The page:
BlueToad: We're the real source of Apple UDIDs leaked by AntiSec

By Lee Kaelin on

BlueToad, a Florida-based digital publishing firm, announced today that the one million stolen Apple Unique Device Identifiers (UDIDs) published by AntiSec hackers last week were taken from its servers two weeks ago, and are not part of an FBI snooping project.

David Schuetz, a researcher for New York mobile device security consultant Intrepidus Group, approached BlueToad last week to inform them that they might be the source of the iPhone UDID leak, after finding multiple references to their firm in the device strings of the database published by the hackers.

In response, BlueToad's technicians analyzed the database online and compared it to their version, finding a 98% match between the two. Further research revealed that the data had been stolen in the past two weeks, though more details weren't given as the investigation is ongoing.

BlueToad CEO Paul DeHart is convinced that the leaked database was stolen from his firm's servers, though he notes that the hackers definitely didn't make away with the full 12 million UDIDs they originally claimed to have swiped. "As soon as we found out we were involved and victimized, we approached the appropriate law enforcement officials, and we began to take steps to come forward, clear the record and take responsibility for this," DeHart said.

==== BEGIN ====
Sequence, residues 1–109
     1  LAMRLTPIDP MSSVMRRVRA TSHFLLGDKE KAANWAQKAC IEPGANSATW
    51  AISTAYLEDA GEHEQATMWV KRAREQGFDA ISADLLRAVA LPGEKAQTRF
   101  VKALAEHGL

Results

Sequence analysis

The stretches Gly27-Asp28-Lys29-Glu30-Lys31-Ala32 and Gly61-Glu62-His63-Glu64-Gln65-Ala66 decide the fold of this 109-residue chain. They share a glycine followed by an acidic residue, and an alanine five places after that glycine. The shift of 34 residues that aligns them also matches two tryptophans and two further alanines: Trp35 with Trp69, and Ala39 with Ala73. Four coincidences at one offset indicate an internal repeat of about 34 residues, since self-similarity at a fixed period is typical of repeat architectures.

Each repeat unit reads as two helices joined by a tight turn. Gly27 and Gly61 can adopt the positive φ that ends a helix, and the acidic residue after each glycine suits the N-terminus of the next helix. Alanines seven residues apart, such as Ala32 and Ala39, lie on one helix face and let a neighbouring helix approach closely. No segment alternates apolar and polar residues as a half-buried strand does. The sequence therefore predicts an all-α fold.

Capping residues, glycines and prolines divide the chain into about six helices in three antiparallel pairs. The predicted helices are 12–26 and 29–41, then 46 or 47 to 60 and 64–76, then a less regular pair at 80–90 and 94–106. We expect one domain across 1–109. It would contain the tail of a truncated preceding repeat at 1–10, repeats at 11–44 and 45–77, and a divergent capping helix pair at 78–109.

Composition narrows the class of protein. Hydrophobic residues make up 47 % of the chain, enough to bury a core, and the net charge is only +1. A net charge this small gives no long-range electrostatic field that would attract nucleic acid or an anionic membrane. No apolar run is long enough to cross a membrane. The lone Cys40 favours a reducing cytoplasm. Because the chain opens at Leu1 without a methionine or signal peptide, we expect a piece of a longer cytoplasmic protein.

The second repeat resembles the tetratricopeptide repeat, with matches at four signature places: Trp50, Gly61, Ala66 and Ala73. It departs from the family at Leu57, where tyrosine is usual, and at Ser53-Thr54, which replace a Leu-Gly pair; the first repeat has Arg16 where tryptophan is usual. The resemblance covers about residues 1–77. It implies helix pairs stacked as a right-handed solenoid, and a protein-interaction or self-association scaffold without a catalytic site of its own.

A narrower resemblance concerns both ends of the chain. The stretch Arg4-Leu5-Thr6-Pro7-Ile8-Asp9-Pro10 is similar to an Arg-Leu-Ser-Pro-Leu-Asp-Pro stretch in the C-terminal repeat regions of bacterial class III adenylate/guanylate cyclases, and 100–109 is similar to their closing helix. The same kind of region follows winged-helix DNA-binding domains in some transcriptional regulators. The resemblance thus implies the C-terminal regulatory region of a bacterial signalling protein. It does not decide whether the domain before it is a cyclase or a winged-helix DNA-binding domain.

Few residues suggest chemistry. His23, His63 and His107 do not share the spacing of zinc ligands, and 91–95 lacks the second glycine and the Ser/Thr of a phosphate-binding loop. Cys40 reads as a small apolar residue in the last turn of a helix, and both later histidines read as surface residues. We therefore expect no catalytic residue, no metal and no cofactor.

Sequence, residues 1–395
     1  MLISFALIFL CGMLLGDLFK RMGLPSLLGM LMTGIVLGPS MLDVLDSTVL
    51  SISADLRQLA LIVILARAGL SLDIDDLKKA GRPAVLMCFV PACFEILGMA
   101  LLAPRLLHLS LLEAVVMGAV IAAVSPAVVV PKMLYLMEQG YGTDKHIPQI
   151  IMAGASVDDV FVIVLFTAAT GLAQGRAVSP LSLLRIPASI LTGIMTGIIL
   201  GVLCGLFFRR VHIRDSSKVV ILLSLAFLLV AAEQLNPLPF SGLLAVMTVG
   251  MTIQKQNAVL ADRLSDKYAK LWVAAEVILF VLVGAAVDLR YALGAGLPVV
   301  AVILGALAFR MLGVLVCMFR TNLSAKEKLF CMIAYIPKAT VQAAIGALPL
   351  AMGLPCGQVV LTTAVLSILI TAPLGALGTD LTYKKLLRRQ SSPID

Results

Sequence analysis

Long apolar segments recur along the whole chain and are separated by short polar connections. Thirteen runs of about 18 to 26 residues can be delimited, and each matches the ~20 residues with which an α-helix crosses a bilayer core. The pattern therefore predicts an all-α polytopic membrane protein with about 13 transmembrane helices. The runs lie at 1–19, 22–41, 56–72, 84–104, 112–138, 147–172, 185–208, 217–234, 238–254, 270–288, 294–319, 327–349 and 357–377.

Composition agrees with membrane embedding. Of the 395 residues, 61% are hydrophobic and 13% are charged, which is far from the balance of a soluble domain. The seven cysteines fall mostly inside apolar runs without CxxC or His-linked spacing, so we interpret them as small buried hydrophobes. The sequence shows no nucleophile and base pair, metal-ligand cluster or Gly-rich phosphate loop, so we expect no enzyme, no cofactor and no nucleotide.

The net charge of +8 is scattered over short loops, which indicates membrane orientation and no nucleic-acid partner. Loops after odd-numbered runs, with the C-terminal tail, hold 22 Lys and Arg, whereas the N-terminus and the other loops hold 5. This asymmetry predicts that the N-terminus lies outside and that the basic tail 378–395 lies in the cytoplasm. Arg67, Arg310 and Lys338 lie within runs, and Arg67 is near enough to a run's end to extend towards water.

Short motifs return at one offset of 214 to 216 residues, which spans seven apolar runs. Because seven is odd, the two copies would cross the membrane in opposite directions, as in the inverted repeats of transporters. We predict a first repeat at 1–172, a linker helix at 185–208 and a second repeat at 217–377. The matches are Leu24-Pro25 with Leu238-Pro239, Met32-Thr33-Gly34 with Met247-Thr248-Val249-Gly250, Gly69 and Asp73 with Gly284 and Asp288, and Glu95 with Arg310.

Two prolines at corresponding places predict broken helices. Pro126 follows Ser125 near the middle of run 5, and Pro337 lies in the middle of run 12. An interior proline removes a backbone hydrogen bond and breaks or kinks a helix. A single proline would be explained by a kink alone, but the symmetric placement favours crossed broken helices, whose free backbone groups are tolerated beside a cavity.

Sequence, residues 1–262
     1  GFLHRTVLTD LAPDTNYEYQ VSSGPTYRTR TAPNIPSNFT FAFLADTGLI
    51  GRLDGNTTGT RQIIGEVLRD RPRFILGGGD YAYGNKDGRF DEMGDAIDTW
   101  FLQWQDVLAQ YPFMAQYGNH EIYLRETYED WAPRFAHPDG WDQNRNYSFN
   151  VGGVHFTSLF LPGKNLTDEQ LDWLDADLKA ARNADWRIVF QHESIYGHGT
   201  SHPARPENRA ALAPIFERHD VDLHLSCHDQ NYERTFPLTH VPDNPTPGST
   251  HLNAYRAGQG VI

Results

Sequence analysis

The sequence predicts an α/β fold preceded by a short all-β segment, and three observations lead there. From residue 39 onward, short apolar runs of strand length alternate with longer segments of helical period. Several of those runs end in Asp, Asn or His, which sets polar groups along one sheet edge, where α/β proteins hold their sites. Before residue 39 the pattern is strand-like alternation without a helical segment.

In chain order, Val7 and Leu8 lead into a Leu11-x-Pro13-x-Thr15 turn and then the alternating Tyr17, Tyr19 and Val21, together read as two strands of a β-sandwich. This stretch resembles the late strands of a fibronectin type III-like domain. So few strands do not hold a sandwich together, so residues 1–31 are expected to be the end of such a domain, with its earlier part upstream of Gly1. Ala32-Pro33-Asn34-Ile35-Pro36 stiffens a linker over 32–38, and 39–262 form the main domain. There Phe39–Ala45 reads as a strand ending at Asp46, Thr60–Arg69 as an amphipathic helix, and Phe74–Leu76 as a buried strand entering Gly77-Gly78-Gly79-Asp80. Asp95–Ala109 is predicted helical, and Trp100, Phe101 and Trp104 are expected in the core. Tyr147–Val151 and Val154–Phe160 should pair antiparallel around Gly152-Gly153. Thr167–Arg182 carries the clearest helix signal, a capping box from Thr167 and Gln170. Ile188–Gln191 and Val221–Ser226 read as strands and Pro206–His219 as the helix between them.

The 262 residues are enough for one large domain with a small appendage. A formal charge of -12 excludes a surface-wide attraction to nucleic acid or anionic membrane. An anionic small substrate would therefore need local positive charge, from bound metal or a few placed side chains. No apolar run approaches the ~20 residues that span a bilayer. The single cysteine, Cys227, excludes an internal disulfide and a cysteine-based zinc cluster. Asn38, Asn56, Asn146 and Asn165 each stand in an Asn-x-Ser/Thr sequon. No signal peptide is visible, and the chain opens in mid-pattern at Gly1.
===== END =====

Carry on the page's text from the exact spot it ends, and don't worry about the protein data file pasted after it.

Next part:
Anonymous claimed they stole the information from a federal agent's laptop through a Java vulnerability and the database was uploaded to the Internet purely to highlight the FBI's alleged tracking of Apple devices. The FBI was quick to deny this, saying, "there is no evidence indicating that an FBI laptop was compromised or that the FBI either sought or obtained this data."

DeHart concedes this still may have happened. Although he's certain the data came from BlueToad's servers, it could have theoretically landed on an FBI agent's laptop where it was eventually swiped.

"We decided to come forward to apologize to our customers, partners and the public in general that this got out there," DeHart said to the New York Times. "We face thousands of attacks every day that we've been successful at defending. This one happened to get through."

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